Saturday, April 28, 2012

Storytime Theme - Ellen Stoll Walsh

Storytime went really well this week.  Mice make such an easy theme.  My flannel board/game this week was one I call "Little Mouse, Little Mouse." We have about 9 different houses each of a single color and a little gray mouse that hides behind one of them.  It's my favorite kind of flannel board. We work on color recognition and the kids get to play a game where we try to figure which house the mouse is hiding behind.  Snaily Snail also worked on his color recognition, but he wasn't quite as good at is as the kiddos were - which they thought was hilarious.  Mission accomplished!

I read more books than normal, but it worked out okay with the group I had.  We read: Mouse Count, For Pete's Sake, Pip's Magic, and finished with Mouse Shapes which tied into our craft, which was to make mice out of basic shapes, just like in the book.  The kids seemed to get into the craft and some of the older ones even made their mice scary  - which is mentioned briefly in the book.  Colorful construction paper mice with giant teeth drawn in marker are pretty funny. And it was neat that they were paying that much attention to the story!

I'm pretty excited about our illustrators for the rest of spring: Jane Cabrera, Charles Fuge and Marcus Pfister.

On a non-storytime note, my social media committee and I have a Boopsie webinar coming up next week. Pretty excited to start considering mobile technology for our library system.  Does anyone have any experience with Boopsie or other similar technologies to share??

Wednesday, April 11, 2012

Storytime Theme - Don Freeman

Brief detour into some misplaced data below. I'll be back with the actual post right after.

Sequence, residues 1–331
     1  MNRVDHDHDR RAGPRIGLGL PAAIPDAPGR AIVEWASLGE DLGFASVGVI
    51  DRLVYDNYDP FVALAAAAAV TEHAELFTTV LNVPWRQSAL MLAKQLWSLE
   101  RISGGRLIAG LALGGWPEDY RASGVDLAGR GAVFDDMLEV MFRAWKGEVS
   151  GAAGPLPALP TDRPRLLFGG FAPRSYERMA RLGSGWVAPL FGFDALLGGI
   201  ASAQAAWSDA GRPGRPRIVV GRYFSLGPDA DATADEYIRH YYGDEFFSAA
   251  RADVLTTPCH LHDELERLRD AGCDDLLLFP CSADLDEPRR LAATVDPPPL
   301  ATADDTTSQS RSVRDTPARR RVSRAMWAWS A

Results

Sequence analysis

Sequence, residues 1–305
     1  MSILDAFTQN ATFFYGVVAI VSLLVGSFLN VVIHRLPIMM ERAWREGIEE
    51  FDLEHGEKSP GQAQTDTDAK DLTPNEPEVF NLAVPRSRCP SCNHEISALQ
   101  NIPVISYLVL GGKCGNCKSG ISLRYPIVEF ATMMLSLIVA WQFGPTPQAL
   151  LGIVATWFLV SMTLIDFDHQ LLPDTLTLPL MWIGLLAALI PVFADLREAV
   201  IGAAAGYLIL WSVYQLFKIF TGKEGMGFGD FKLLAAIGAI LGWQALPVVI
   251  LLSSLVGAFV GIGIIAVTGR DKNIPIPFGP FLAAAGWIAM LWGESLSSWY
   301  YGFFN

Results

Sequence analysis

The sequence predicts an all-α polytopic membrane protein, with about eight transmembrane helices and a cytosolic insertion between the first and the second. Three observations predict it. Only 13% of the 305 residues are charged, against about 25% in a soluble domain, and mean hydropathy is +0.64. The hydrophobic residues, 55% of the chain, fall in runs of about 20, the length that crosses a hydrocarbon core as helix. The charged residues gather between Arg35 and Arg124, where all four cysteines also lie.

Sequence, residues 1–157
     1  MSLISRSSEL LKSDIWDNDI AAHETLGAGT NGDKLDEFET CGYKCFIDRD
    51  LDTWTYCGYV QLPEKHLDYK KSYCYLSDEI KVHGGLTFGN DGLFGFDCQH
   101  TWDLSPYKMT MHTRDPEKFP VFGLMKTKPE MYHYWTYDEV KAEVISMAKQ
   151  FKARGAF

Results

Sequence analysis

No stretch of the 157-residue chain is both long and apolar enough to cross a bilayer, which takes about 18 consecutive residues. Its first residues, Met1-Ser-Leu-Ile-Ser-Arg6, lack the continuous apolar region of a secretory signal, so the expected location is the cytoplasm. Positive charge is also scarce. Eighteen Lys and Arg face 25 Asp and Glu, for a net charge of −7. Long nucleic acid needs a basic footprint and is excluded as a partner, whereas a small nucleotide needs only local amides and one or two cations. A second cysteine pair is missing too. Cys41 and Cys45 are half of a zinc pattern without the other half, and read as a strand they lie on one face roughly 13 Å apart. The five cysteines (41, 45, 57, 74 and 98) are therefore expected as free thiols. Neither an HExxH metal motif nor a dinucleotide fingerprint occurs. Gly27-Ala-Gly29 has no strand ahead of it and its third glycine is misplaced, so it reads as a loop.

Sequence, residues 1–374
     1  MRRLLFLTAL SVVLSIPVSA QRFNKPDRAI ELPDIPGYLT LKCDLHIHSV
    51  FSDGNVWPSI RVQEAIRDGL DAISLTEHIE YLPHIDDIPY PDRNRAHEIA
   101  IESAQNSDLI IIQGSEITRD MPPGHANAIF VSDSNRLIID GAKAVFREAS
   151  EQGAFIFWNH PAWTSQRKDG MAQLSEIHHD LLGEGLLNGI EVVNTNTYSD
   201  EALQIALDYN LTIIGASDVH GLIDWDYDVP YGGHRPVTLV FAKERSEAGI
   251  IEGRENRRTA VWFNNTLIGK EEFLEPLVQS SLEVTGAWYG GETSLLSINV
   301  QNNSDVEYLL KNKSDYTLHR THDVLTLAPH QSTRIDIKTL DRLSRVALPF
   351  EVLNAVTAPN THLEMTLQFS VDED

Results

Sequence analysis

Bear, Black Cub

Today's storytime was a little rough.  The group was a bit smaller than usual, and for whatever reason, they were less focused.  Today's theme was Don Freeman, illustrator of Corduroy.  Rather than using my regular puppet Snaily Snail, I brough Jelly Belly, my new baby black bear puppet.  She's a new puppet and I don't have her fully figured out yet.  She's very soft, so I invited the kids to come up and pet her.  One of the little boys was a little afraid, because "her claws are very sharp." It was so cute!  It took a few minutes, but all the kids worked up the courage to pet her and seemed to enjoy it.

We read Corduroy and Beady Bear.  The books are classics, but were too long - especially for my rowdy group of 2, 3 and 4 year olds.  I wouldn't have chosen this theme/these books  on my own, but the choice wasn't mine. I used the action rhyme "Teddy Bear, Teddy Bear," our "Five Little Bears" flannel board and Raffi's "Shake Your Sillies Out" to break up the storytime.  The craft was a success at least- we created large corrugated bear stamps that we "inked" with paint and then we added single strap overalls and buttons.  Next week is Jonathan Lambert, which will be fun!
.    Corduroy

Tuesday, April 10, 2012

Spring 2012 Storytime Themes

The storytimes at my library this Spring are based on different illustrators. The books feature their artwork and most of our crafts focus on experimenting with their techniques.  For a few, we're creating thematically appropriate projects. I've got to say, there have been some great weeks and some duds. It's been an interesting exercise to find illustrators who have remarkable or recognizable art styles that translates into a good craft project and has a number of titles to choose from, with 3-4 of those titles working for a preschool storytime.  We handout storytime sheets every week that include the stories we read and some fingerplays to do at home, for this session, we're also including biographies on the back.

A couple of our goals with this storytime series are to draw attention to various artists, highlight and discuss their artwork, and broaden the awareness of the children and parents who attend our storytimes. I don't know if these goals are really being accomplished though.  Do the kids really get anything more out these storytimes than any others?  Are the parents paying attention to what we're doing? Are they checking out books by these illustrators as a result of the storytimes? Are they discussing the artwork when they read books to their children?   Do you have any experience running a storytime series like this?  Who are your favorite illustrators?  Do you feel like your patrons are grasping what you wanted them to?

Is Everyone Ready for Fun?